Fortresses in the frame

Evoca­tive and sym­bolic, the im­agery of cas­tles proves an ex­cel­lent sub­ject for an ex­hi­bi­tion, says Tim Richard­son

Country Life Every Week - - Exhibition -

For the Bri­tish, a cas­tle is at once ro­man­ti­cally re­mote and in­ti­mately fa­mil­iar. And the para­doxes mul­ti­ply. Fre­quently ru­inous, a cas­tle no longer per­forms its an­cient func­tion, but re­tains a pow­er­ful aura. Un­like a cathe­dral, a cas­tle is not wo­ven into the warp and weft of a city: it is ex­cep­tional, stand­ing apart, lit­er­ally and metaphor­i­cally, of­ten in a highly pic­turesque lo­ca­tion (part of the ap­peal for artists). A cas­tle is so large that it can­not be missed, yet it projects an enig­matic qual­ity. A place of se­cu­rity, a cas­tle is also a place that, his­tor­i­cally, most ci­ti­zens would rather have avoided.

How­ever, it is also a good guess that most peo­ple, what- ever their so­cial back­ground, will have been taken to see at least one cas­tle in child­hood, clam­ber­ing the bat­tle­ments and imag­in­ing knights in ar­mour or damsels in dis­tress. A ru­ined cas­tle is ar­guably more ac­cess- ible to vis­i­tors (in ev­ery way) than a fur­nished coun­try house. The lay­out seems fa­mil­iar and the very empti­ness cre­ates a space for imag­i­na­tive in­ti­macy.

These con­tra­dic­tions make the cas­tle a rich topic for an ex­hi­bi­tion and Southamp­ton City Art Gallery, and its spon­sor, the Punter Southall Group, should be con­grat­u­lated for tak­ing the ini­tia­tive with ‘Cap­ture the Cas­tle’.

Like its sub­ject, the ex­hi­bi­tion also has some­thing of a split per­son­al­ity. A well-pro­duced cat­a­logue in­cludes es­says on the history of cas­tles, their sym­bol­ism, their place in the de­vel­op­ing Pic­turesque aes­thetic and on spe­cial­ist top­ics, such as etch­ings and the Gothic re­vival.

To read these, and to ab­sorb the num­ber of guide­book-style water­colour re­con­struc­tions of an­cient cas­tles (mostly by Alan Sor­rell) in the ex­hi­bi­tion, one would as­sume that a his­tor­i­cal and nar­ra­tive ap­proach has

‘A cas­tle is at once ro­man­ti­cally re­mote and in­ti­mately fa­mil­iar’

been taken. But that is just part of the story, as at least a quar­ter of the ex­hi­bi­tion is taken up by in­ter­pre­ta­tions of the cas­tle theme by mod­ern and con­tem­po­rary artists, in­clud­ing paint­ings (of vary­ing qual­ity and in­ter­est) that are con­cep­tu­al­ist or ab­stract in tone.

These are not men­tioned at all in the in­tro­duc­tory cap­tions to each room of the ex­hi­bi­tion and they seem to sit rather awk­wardly with the rest. It is as if some guerilla co-cu­ra­tor has crept in to dis­turb the an­ti­quar­ian peace.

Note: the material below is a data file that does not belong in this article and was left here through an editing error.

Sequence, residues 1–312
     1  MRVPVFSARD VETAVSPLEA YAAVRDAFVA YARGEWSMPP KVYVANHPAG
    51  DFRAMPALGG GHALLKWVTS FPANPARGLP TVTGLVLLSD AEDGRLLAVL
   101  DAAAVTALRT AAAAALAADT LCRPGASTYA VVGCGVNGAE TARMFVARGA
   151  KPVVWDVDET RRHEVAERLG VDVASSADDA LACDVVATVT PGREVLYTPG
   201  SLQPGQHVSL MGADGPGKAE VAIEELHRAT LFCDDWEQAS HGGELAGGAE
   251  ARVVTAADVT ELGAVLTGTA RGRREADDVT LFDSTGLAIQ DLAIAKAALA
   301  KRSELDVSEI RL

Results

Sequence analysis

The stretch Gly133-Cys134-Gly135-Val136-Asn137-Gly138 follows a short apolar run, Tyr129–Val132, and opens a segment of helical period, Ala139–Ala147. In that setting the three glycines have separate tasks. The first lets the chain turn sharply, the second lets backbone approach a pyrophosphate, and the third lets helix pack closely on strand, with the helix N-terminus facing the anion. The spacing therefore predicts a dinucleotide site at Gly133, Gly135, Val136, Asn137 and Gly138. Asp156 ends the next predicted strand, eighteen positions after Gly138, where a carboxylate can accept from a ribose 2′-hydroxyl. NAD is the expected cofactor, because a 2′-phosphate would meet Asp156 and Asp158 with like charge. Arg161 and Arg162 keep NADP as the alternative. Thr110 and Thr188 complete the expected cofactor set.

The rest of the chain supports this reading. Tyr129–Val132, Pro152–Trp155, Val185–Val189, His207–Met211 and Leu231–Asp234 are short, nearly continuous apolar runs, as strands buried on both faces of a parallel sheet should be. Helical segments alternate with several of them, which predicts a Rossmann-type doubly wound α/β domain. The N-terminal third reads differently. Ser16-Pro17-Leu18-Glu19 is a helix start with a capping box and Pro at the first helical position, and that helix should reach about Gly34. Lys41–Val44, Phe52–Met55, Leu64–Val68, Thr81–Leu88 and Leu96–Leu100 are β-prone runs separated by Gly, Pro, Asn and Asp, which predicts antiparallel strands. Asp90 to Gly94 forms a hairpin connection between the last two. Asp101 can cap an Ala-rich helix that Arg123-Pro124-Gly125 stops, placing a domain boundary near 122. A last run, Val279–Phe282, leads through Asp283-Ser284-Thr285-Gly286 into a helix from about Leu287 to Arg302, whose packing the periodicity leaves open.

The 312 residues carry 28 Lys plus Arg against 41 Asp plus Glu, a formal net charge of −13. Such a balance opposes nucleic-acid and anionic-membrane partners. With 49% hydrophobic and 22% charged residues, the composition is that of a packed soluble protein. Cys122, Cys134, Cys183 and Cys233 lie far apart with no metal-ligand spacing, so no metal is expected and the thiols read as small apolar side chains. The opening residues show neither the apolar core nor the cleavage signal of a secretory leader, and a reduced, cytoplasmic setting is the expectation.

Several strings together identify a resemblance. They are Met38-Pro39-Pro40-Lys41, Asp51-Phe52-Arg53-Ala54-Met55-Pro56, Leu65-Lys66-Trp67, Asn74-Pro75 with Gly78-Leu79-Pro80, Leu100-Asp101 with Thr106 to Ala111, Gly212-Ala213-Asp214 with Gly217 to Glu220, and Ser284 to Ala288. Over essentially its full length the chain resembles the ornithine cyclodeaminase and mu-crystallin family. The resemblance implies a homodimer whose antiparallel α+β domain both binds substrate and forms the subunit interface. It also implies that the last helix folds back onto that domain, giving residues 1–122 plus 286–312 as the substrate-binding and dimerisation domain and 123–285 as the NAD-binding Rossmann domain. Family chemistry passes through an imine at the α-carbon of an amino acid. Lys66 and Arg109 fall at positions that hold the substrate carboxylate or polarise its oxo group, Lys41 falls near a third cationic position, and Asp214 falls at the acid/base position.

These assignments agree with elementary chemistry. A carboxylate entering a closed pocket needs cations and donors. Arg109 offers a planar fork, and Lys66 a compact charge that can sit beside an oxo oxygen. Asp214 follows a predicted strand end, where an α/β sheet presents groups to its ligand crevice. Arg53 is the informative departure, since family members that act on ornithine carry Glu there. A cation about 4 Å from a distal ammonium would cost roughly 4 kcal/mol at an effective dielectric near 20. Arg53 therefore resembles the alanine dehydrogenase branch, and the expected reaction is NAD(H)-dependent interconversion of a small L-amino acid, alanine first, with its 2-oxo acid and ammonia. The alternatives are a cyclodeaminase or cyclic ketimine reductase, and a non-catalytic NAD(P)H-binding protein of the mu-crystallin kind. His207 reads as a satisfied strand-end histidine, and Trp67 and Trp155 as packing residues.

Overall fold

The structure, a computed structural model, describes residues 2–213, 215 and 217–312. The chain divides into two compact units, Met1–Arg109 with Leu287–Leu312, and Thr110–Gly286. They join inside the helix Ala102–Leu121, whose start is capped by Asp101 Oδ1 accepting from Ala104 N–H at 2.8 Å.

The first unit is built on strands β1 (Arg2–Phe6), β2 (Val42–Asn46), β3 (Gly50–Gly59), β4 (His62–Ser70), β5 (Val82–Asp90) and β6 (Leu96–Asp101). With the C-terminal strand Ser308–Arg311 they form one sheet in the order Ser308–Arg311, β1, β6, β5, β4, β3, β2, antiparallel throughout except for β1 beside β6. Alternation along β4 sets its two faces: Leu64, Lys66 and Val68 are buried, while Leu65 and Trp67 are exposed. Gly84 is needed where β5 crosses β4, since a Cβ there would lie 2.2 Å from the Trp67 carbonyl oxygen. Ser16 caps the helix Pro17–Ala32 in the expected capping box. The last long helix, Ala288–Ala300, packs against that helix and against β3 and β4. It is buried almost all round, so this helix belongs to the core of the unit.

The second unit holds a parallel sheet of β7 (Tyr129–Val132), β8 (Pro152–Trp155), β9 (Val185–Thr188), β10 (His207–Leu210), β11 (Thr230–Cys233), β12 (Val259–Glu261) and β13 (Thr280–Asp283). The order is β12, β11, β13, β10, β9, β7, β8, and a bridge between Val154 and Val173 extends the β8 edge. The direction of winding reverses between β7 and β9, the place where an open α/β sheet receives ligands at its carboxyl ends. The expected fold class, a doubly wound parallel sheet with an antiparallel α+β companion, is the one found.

Once the vis­i­tor has ac­cepted this anom­aly, the ex­hi­bi­tion can be ap­proached in a sim­i­larly free­wheel­ing spirit. One would ex­pect to find J. M. W. Turner and Thomas Girtin here— the lat­ter’s Mac­beth-in­flected water­colour of Bam­burgh Cas­tle is a high­light—but there are nu­mer­ous other ab­sorb­ing stud­ies of cas­tles by artists such as Leonard Squir­rell, who man­ages to im­bue the cas­tle in

Morn­ing at Durham (1935) with an al­most do­mes­tic air, and Joseph Webb, who takes the op­po­site ap­proach with a hard-edged etch­ing of Chep­stow Cas­tle.

Some artists play on the idea of the ex­cep­tion­al­ism and iso­la­tion of cas­tles; oth­ers present them as ab­sorbed into the land­scape over the cen­turies. Philip Wil­son Steer takes the lat­ter ap­proach with his in­ter­pre­ta­tion of Chep­stow, a 1905 oil re­alised in a pal­ette of ochres, browns and the dark­est of greens. The work has its com­po­si­tional short­com­ings, but there is an in­trigu­ingly fluid qual­ity to the scene as river, cliff, cas­tle and sky seem to meld with each other.

Thomas Row­land­son cap­tures the mun­dane do­mes­tic­ity of gar­ri­son life in a pair of wa­ter­colours of Hurst Cas­tle, where the can­non seem al­most com­i­cally enor­mous next to the loung­ing sol­diers and their wom­en­folk.

Of the con­tem­po­rary art, I par­tic­u­larly en­joyed Nor­man Ack­royd’s dark and moody etch­ings—the Mc­neils’ Kisimul Cas­tle at Barra in the Outer He­brides seems to be dis­in­te­grat­ing into the sky—and Ffiona Lewis’s scratched oil paint­ing of her local cas­tle, Fram­ling­ham in Suf­folk.

The most re­ward­ing pas­sage is a trio of con­trast­ing paint­ings hung to­gether in the penul­ti­mate room. Two date from 1971: John Piper’s del­i­cate screen­print of Caernar­von in a pal­ette of mauves and blue-greys and David Gentle­man’s schematic, Pop Art-in­flected ‘plan view’ of Caer­philly, with bul­bous tur­rets. The third is a 1930 London Trans­port poster of Wind­sor by Wal­ter Sprad­bery, in which the flanelled pun­ters, rip­pling Thames and be­nign cas­tle, orange in the evening light, cre­ate an invit­ing and ut­terly com­pla­cent scene.

A cas­tle is clearly what the artist makes of it, but this ex­hi­bi­tion shows that the re­sult is al­ways likely to be pow­er­fully en­gag­ing.

‘Cap­ture the Cas­tle: Bri­tish Artists and the Cas­tle from Turner to Le Brun’ is at Southamp­ton City Art Gallery, Com­mer­cial Road, Southamp­ton, Hamp­shire, un­til Septem­ber 2 (www.southamp­ton cit­yart­; 023–8083 3007)

Next week: ‘Rav­il­ious & Co’ at Towner Art Gallery, East­bourne

Un­to­ward by Royal Academy pres­i­dent Christo­pher Le Brun: ‘The cas­tle is an en­dur­ing sym­bol as se­cure and fa­mil­iar as any’, he writes

Nor­man Ack­royd’s etch­ing of Kisimul, Barra, Mc­neil’s Cas­tle (2016)

Caer­philly Cas­tle (1971), a screen­print by David Gentle­man

The Ea­gle Tower, Caernar­fon by Paul Sandby. Hailed as the ‘fa­ther of English Water­colour’, Sandby be­gan sketch­ing tours of Wales af­ter an ac­claimed series of draw­ings of Wind­sor

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